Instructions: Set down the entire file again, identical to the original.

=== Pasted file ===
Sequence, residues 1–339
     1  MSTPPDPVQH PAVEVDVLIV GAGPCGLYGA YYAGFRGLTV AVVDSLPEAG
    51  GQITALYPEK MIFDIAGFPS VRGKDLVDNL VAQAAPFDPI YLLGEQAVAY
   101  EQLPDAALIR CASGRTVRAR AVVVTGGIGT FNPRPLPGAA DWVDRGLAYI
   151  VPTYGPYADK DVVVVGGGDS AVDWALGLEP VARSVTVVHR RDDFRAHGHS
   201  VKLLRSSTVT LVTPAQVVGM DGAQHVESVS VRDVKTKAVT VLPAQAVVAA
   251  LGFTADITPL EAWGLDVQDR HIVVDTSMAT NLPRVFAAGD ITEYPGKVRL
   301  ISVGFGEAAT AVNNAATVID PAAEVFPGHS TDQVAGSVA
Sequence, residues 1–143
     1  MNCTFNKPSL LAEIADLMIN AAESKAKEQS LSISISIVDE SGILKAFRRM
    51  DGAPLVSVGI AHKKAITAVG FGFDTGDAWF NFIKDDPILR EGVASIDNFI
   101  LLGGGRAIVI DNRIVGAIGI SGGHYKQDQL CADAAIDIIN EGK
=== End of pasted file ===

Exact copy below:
Sequence, residues 1–339
     1  MSTPPDPVQH PAVEVDVLIV GAGPCGLYGA YYAGFRGLTV AVVDSLPEAG
    51  GQITALYPEK MIFDIAGFPS VRGKDLVDNL VAQAAPFDPI YLLGEQAVAY
   101  EQLPDAALIR CASGRTVRAR AVVVTGGIGT FNPRPLPGAA DWVDRGLAYI
   151  VPTYGPYADK DVVVVGGGDS AVDWALGLEP VARSVTVVHR RDDFRAHGHS
   201  VKLLRSSTVT LVTPAQVVGM DGAQHVESVS VRDVKTKAVT VLPAQAVVAA
   251  LGFTADITPL EAWGLDVQDR HIVVDTSMAT NLPRVFAAGD ITEYPGKVRL
   301  ISVGFGEAAT AVNNAATVID PAAEVFPGHS TDQVAGSVA
Sequence, residues 1–143
     1  MNCTFNKPSL LAEIADLMIN AAESKAKEQS LSISISIVDE SGILKAFRRM
    51  DGAPLVSVGI AHKKAITAVG FGFDTGDAWF NFIKDDPILR EGVASIDNFI
   101  LLGGGRAIVI DNRIVGAIGI SGGHYKQDQL CADAAIDIIN EGK